How to get around the city?
You can take a bus to get around the Groningen, but I wouldn’t say it’s the best way… because the best is… CYCLING, of course or just your own feet, meaning taking a walk. ;) Buses are quite rare, there is approximately one every half an hour. When we talked to the people living in Groningen, we found out that most of them use a bicycle or a car to get around the city (especially a bicycle – we are in the Netherlands, remember).
Worth seeing in Groningen.
1 Groninger Museum. It is a modern and contemporary art museum where I had an opportunity to get a good look at designs by Viktor&Rolf duo and works by Andy Warhol.
The building itself is amazing. You can’t overlook it. It is situated near railway station on a special platform in a canal (part of the construction is under the water). It was designed by Alessandro Mendini. The shape of the building is impressive! The reading room interior follows the latest design trends like mint and pink walls, marble tables and brass lamps. You can read the latest Vouge and plenty of design magazines from around the world there. I really recommend visiting this place.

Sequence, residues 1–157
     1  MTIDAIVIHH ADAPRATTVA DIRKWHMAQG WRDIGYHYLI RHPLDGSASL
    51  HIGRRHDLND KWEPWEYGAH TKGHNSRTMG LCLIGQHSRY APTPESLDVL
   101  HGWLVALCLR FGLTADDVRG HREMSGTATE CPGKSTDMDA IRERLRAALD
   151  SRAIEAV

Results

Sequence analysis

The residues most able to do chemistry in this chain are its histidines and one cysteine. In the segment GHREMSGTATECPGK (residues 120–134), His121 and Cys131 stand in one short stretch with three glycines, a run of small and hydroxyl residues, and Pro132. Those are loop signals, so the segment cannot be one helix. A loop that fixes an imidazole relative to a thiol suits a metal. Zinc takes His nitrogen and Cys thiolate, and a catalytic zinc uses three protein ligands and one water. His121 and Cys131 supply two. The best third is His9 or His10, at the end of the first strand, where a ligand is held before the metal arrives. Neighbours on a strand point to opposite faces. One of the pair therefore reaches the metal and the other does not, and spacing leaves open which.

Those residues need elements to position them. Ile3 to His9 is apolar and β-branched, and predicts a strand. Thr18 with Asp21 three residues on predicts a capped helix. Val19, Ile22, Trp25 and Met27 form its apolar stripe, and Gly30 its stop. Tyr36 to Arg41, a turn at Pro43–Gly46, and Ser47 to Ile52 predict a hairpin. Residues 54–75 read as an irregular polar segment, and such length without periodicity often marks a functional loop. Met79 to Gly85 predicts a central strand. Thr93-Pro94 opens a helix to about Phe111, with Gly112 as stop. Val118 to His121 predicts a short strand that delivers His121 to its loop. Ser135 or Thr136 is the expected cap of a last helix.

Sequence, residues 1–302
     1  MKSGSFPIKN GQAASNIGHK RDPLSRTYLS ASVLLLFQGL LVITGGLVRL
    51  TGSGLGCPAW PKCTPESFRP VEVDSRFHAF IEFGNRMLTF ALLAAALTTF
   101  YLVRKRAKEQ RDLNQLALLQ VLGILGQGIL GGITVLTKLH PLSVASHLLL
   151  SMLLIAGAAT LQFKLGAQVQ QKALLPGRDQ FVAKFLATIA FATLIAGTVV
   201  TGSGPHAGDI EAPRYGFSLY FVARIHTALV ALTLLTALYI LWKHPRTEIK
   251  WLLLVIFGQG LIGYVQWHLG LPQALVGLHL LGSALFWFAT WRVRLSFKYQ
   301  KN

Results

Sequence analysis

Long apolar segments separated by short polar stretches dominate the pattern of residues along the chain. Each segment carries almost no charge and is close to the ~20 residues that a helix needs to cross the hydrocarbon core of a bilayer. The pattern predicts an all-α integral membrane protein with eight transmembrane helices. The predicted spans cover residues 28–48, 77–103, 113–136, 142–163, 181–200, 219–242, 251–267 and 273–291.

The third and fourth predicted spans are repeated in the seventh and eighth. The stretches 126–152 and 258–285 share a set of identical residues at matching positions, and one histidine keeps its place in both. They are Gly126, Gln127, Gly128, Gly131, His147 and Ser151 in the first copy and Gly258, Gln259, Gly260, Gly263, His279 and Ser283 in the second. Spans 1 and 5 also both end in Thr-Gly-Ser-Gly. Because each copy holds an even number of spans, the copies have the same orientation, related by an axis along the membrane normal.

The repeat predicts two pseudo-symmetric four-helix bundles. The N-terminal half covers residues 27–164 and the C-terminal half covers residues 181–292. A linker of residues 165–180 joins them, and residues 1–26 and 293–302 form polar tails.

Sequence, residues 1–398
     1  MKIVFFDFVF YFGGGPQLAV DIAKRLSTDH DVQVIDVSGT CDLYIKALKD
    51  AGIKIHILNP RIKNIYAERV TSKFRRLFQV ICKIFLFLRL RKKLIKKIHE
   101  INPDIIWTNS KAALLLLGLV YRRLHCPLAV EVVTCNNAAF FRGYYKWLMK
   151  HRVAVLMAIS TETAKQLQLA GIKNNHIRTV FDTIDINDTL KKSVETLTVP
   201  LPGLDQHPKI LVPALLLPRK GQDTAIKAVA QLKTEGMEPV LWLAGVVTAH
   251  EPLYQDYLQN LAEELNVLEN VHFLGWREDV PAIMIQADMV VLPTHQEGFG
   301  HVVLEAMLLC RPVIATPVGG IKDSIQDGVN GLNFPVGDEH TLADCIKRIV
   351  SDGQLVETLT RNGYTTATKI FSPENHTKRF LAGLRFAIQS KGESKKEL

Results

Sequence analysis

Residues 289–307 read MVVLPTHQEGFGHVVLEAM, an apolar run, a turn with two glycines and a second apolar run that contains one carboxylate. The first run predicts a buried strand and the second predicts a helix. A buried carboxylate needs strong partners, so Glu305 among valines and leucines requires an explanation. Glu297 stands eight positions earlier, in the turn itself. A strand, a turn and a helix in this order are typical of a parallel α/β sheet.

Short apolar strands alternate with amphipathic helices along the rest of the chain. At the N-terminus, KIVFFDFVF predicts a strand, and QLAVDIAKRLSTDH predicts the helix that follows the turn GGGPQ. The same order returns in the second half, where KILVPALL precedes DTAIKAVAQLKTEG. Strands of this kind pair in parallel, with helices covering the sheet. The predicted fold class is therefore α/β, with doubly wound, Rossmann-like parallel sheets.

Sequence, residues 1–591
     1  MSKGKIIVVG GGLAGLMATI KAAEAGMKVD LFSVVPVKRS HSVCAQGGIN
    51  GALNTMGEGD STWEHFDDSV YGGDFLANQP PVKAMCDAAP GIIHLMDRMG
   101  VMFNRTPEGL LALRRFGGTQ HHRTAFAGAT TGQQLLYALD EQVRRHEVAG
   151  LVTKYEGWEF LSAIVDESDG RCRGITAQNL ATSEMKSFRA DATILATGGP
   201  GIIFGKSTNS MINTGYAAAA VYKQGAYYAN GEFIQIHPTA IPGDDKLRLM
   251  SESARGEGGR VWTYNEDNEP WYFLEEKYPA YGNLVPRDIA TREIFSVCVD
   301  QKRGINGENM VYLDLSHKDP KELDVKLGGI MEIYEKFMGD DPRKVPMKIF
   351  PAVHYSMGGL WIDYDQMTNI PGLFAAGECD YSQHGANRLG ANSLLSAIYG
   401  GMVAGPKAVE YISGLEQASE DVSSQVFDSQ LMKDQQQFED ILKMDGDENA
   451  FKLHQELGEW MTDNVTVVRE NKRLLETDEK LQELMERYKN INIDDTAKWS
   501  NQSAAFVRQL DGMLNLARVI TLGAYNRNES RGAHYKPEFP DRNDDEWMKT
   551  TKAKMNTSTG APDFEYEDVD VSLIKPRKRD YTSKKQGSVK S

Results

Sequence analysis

2 Prinsenhof Gardens.
It used to be a viceroys residency, then a military hospital and later a radio and television centre. Currently there is a hotel with a lovely restaurant and garden of course. There weren’t many flowers when we were there, but I can only imagine how beautiful the garden looks like in the spring.
3 Martinitoren – a symbol of Groningen. It is a bell tower with a very narrow staircase, the perspective upstairs, however, is very wide. This view is something definitely worth seeing.